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  1. On the Epistemic Bilking Argument.Brian Garrett - 2015 - Thought: A Journal of Philosophy 4 (3):139-140.
    The standard bilking argument is well-known and attempts to prove the impossibility of backwards causation. In this discussion note, I identify an epistemic bilking argument, which has not received sufficient attention in the literature, and indicate how best to respond to it. This response involves a parity argument based on a forwards causation case.
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  • Reality is Not Structured.Jeremy Goodman - 2017 - Analysis 77 (1):43–53.
    The identity predicate can be defined using second-order quantification: a=b =df ∀F(Fa↔Fb). Less familiarly, a dyadic sentential operator analogous to the identity predicate can be defined using third-order quantification: ϕ≡ψ =df ∀X(Xϕ↔Xψ), where X is a variable of the same syntactic type as a monadic sentential operator. With this notion in view, it is natural to ask after general principles governing its application. More grandiosely, how fine-grained is reality? -/- I will argue that reality is not structured in anything like (...)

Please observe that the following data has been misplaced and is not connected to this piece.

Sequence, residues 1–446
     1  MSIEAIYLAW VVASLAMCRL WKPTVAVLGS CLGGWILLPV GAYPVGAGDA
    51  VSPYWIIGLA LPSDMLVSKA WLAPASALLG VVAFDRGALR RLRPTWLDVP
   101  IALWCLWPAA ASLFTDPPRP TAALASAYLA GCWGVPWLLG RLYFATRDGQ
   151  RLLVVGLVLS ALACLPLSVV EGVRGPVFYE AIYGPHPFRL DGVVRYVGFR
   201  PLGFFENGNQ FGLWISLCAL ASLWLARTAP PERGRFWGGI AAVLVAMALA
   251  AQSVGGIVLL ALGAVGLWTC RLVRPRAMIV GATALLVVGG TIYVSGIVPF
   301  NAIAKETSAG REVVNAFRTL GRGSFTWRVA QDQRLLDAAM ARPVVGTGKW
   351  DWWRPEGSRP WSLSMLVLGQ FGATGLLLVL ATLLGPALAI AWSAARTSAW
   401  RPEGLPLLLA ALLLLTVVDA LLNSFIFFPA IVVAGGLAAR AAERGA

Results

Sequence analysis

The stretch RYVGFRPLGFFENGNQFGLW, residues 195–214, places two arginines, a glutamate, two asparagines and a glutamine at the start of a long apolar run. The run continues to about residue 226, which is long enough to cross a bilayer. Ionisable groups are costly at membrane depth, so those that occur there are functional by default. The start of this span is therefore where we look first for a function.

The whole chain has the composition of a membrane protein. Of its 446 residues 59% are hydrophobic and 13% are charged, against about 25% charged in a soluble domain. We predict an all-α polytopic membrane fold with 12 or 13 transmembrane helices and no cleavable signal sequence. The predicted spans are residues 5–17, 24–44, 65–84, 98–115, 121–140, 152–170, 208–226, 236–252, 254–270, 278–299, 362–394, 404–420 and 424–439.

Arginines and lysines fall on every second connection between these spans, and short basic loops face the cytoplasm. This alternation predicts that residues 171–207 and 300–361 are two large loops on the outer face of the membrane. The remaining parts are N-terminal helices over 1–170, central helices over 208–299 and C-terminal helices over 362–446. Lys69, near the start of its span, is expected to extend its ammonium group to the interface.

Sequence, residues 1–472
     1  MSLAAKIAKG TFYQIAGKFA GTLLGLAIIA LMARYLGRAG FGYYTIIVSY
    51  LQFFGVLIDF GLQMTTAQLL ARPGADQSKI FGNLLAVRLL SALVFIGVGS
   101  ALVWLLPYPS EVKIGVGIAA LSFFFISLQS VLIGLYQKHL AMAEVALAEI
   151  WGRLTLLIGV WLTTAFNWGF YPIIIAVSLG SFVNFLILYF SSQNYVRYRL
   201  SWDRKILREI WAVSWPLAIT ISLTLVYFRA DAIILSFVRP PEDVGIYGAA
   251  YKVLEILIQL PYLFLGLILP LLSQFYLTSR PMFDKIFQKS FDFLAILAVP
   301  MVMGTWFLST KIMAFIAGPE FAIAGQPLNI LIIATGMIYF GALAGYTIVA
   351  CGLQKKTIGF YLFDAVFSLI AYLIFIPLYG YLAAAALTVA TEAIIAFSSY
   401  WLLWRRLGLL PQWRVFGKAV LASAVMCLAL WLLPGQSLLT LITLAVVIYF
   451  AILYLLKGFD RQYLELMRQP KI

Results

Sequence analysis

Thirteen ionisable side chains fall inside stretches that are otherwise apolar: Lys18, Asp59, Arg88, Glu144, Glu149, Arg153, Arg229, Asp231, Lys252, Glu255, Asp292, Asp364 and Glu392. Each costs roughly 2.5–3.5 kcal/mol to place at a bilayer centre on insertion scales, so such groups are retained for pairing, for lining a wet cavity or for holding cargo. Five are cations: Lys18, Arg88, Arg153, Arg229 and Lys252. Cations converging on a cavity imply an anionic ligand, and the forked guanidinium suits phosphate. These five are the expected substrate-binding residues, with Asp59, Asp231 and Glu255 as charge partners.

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  • Agents, Knowledge and Backwards Causation.Brian Garrett - 2017 - Analysis 77 (1):37-43.
    Although many philosophers think backwards causation possible, puzzles arise when we consider worlds containing both backwards causal chains and agents capable of intervening in, and initiating, such chains. In these worlds, agents have the power to bilk, that is, the power to prevent an event from occurring which, had it occurred, would have been the cause of an earlier event. I argue, appealing to Max Black’s example and one other, that this power is absurd and hence that there are no (...)
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